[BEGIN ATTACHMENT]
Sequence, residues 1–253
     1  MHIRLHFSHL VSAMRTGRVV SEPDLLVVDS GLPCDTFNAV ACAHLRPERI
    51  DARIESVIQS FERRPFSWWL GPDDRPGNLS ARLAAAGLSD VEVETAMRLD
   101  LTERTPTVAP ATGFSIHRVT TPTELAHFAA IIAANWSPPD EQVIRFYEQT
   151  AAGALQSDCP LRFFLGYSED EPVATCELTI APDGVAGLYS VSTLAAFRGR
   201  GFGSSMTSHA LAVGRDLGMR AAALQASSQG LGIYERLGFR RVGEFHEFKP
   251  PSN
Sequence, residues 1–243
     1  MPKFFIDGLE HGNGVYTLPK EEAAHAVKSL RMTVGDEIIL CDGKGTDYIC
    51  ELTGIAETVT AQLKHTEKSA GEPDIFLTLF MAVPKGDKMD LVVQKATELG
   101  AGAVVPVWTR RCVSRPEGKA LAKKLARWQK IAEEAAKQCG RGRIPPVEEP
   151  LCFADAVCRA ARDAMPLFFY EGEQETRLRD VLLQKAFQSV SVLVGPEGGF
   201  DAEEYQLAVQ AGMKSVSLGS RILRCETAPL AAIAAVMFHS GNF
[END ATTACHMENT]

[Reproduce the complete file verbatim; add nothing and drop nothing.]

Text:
Sequence, residues 1–253
     1  MHIRLHFSHL VSAMRTGRVV SEPDLLVVDS GLPCDTFNAV ACAHLRPERI
    51  DARIESVIQS FERRPFSWWL GPDDRPGNLS ARLAAAGLSD VEVETAMRLD
   101  LTERTPTVAP ATGFSIHRVT TPTELAHFAA IIAANWSPPD EQVIRFYEQT
   151  AAGALQSDCP LRFFLGYSED EPVATCELTI APDGVAGLYS VSTLAAFRGR
   201  GFGSSMTSHA LAVGRDLGMR AAALQASSQG LGIYERLGFR RVGEFHEFKP
   251  PSN
Sequence, residues 1–243
     1  MPKFFIDGLE HGNGVYTLPK EEAAHAVKSL RMTVGDEIIL CDGKGTDYIC
    51  ELTGIAETVT AQLKHTEKSA GEPDIFLTLF MAVPKGDKMD LVVQKATELG
   101  AGAVVPVWTR RCVSRPEGKA LAKKLARWQK IAEEAAKQCG RGRIPPVEEP
   151  LCFADAVCRA ARDAMPLFFY EGEQETRLRD VLLQKAFQSV SVLVGPEGGF
   201  DAEEYQLAVQ AGMKSVSLGS RILRCETAPL AAIAAVMFHS GNF